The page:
Pop Goes The News — For the first time in a decade, at least three films with significant Canadian ties could compete for Best Picture at the Academy Awards.
Many critics are predicting Spotlight (largely shot in Southern Ontario), The Revenant (mostly filmed in Alberta) and Room (made in Toronto) will be among the nominees for the top honour at the 88th Academy Awards on Feb. 28.
Another title some are expecting to see on the list is Brooklyn, which was partially shot in Montreal.
If the predictions prove accurate, it could be the most Canadian year at the Oscars since 2005 — when Crash, directed by Ontario-born Paul Haggis, beat out Manitoba-shot Capote and made-in-Alberta Brokeback Mountain for Best Picture.
Spotlight, which tells the story of the Boston Globe journalists who exposed the sex abuse scandal in the Catholic Church, was largely made in Toronto and Hamilton at the end of 2014. Its all-star cast includes Canadian actress (and Toronto resident) Rachel McAdams.
The Revenant, from director Alejandro G. Iñárritu, was mostly filmed in late 2014 and early 2015 in Alberta and B.C. The period drama stars Leonardo DiCaprio and Tom Hardy.
Room is a Canada-Ireland co-production (Toronto’s No Trace Camping is behind it) starring Brie Larson and Vancouver’s Jacob Tremblay that was filmed in Toronto in late 2014. In addition to critical acclaim, the drama earned audience awards at film festivals in Toronto and Vancouver.
Brooklyn is a Canada-Ireland-UK production (Montreal’s Item 7 is a producer) based on the novel of the same name by Colm Tóibín. Although primarily filmed in Ireland, four weeks of production took place in the summer of 2014 in Montreal. Homegrown actress Jessica Paré and Vancouver-born Emily Bett Rickards are in the cast.
Room would be the first movie made entirely in Canada to win Best Picture since Chicago in 2003. Rob Marshall’s big screen adaptation of the stage musical, starring Richard Gere, Renée Zellweger and Catherine Zeta-Jones, was made in Toronto and earned a total of six Oscars.
Of course, films with Canadian connections regularly show up in the Best Picture category at the Academy Awards — and not just because they have Canadian stars.
Visual effects for this year’s Best Picture winner Birdman were done by Montreal’s Rodeo FX. The company’s work included making it look like the movie was shot in one continuous take.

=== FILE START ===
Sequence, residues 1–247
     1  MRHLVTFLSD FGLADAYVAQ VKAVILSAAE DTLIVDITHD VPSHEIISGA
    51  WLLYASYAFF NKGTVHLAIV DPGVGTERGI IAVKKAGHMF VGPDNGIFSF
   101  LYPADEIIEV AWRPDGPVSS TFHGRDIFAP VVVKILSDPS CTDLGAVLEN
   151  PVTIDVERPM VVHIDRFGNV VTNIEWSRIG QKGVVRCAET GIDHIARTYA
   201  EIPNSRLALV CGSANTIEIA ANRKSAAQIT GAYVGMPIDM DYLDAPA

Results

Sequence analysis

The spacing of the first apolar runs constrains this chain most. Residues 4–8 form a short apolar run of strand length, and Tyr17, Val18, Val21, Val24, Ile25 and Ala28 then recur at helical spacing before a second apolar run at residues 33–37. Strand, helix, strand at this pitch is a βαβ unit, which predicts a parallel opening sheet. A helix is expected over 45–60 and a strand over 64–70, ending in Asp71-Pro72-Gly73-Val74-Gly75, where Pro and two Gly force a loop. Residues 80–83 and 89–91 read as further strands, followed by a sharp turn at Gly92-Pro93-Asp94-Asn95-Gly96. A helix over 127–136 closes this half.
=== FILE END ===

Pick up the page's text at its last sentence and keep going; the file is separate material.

In 2012, Life of Pi was in the running for Best Picture. In addition to being based on the novel by Canadian Yann Martel, parts of the film were made in Montreal and some of the visual effects were completed by Vancouver’s R&H.
In 2009, Ontario-born James Cameron and Montreal native Jason Reitman each had films up for the top prize — Avatar and Up in the Air respectively.
The Curious Case of Benjamin Button, starring Brad Pitt, was nominated for Best Picture in 2008. The Paris-set scenes had been shot in Old Montreal.
A year earlier, Reitman’s B.C.-shot film Juno, starring Canadians Ellen Page and Michael Cera, was nominated for Best Picture.
Martin Scorsese’s The Aviator, partly shot in Montreal, had a Best Picture nomination in 2004.
At the Oscars in 1997, Good Will Hunting — largely shot in Toronto — lost to Cameron’s Titanic (which had a handful of scenes filmed in Halifax).
Peter Knegt of Indiewire, for one, believes Canadian-made films will dominate other major categories this year. He predicts Tom McCarthy (Spotlight), Alejandro González Iñárritu (The Revenant) and Lenny Abrahamsson (Room) will be among the Best Director nominees.
Acting nods, Knegt guesses, will go to DiCaprio and Hardy (The Revenant), Larson and Tremblay (Room), Saoirse Ronan (Brooklyn) and Michael Keaton (Spotlight).
Tremblay, who will be 9 years and 101 days old when nominations are announced on Jan. 14, will be the second-youngest Best Supporting Actor nominee in Academy history, behind Kramer vs. Kramer co-star Justin Henry (1980). He will also be the third-youngest nominee in any acting category, behind Henry and Jackie Cooper (a Best Actor nominee in 1931 for Skippy).
Tremblay will also be the first Canadian supporting acting nominee since Christopher Plummer (who won in 2011) and only the third since 1990 (when Graham Greene earned a nod for Dances With Wolves).